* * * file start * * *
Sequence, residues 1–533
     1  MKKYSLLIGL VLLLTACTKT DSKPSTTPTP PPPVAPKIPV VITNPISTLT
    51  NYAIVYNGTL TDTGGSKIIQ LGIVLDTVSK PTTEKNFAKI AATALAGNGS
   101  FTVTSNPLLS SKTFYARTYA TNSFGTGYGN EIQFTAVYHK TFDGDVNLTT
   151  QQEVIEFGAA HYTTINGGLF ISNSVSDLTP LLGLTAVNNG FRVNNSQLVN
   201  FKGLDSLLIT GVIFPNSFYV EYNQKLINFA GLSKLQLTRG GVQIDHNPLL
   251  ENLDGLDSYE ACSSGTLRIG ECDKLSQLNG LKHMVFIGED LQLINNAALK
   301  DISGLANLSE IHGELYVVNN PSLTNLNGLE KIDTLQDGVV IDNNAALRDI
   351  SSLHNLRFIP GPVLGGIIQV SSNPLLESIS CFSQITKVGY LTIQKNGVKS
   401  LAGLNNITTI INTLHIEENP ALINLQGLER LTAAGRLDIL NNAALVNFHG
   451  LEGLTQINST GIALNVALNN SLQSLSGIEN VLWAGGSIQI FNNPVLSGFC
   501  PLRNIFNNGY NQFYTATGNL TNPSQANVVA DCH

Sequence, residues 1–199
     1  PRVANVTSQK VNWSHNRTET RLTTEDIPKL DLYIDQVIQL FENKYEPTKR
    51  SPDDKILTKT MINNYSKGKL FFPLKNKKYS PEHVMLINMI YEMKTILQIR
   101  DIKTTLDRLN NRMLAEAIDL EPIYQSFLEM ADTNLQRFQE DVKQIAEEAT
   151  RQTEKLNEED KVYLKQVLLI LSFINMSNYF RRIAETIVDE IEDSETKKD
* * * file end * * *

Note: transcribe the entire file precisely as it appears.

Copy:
Sequence, residues 1–533
     1  MKKYSLLIGL VLLLTACTKT DSKPSTTPTP PPPVAPKIPV VITNPISTLT
    51  NYAIVYNGTL TDTGGSKIIQ LGIVLDTVSK PTTEKNFAKI AATALAGNGS
   101  FTVTSNPLLS SKTFYARTYA TNSFGTGYGN EIQFTAVYHK TFDGDVNLTT
   151  QQEVIEFGAA HYTTINGGLF ISNSVSDLTP LLGLTAVNNG FRVNNSQLVN
   201  FKGLDSLLIT GVIFPNSFYV EYNQKLINFA GLSKLQLTRG GVQIDHNPLL
   251  ENLDGLDSYE ACSSGTLRIG ECDKLSQLNG LKHMVFIGED LQLINNAALK
   301  DISGLANLSE IHGELYVVNN PSLTNLNGLE KIDTLQDGVV IDNNAALRDI
   351  SSLHNLRFIP GPVLGGIIQV SSNPLLESIS CFSQITKVGY LTIQKNGVKS
   401  LAGLNNITTI INTLHIEENP ALINLQGLER LTAAGRLDIL NNAALVNFHG
   451  LEGLTQINST GIALNVALNN SLQSLSGIEN VLWAGGSIQI FNNPVLSGFC
   501  PLRNIFNNGY NQFYTATGNL TNPSQANVVA DCH

Sequence, residues 1–199
     1  PRVANVTSQK VNWSHNRTET RLTTEDIPKL DLYIDQVIQL FENKYEPTKR
    51  SPDDKILTKT MINNYSKGKL FFPLKNKKYS PEHVMLINMI YEMKTILQIR
   101  DIKTTLDRLN NRMLAEAIDL EPIYQSFLEM ADTNLQRFQE DVKQIAEEAT
   151  RQTEKLNEED KVYLKQVLLI LSFINMSNYF RRIAETIVDE IEDSETKKD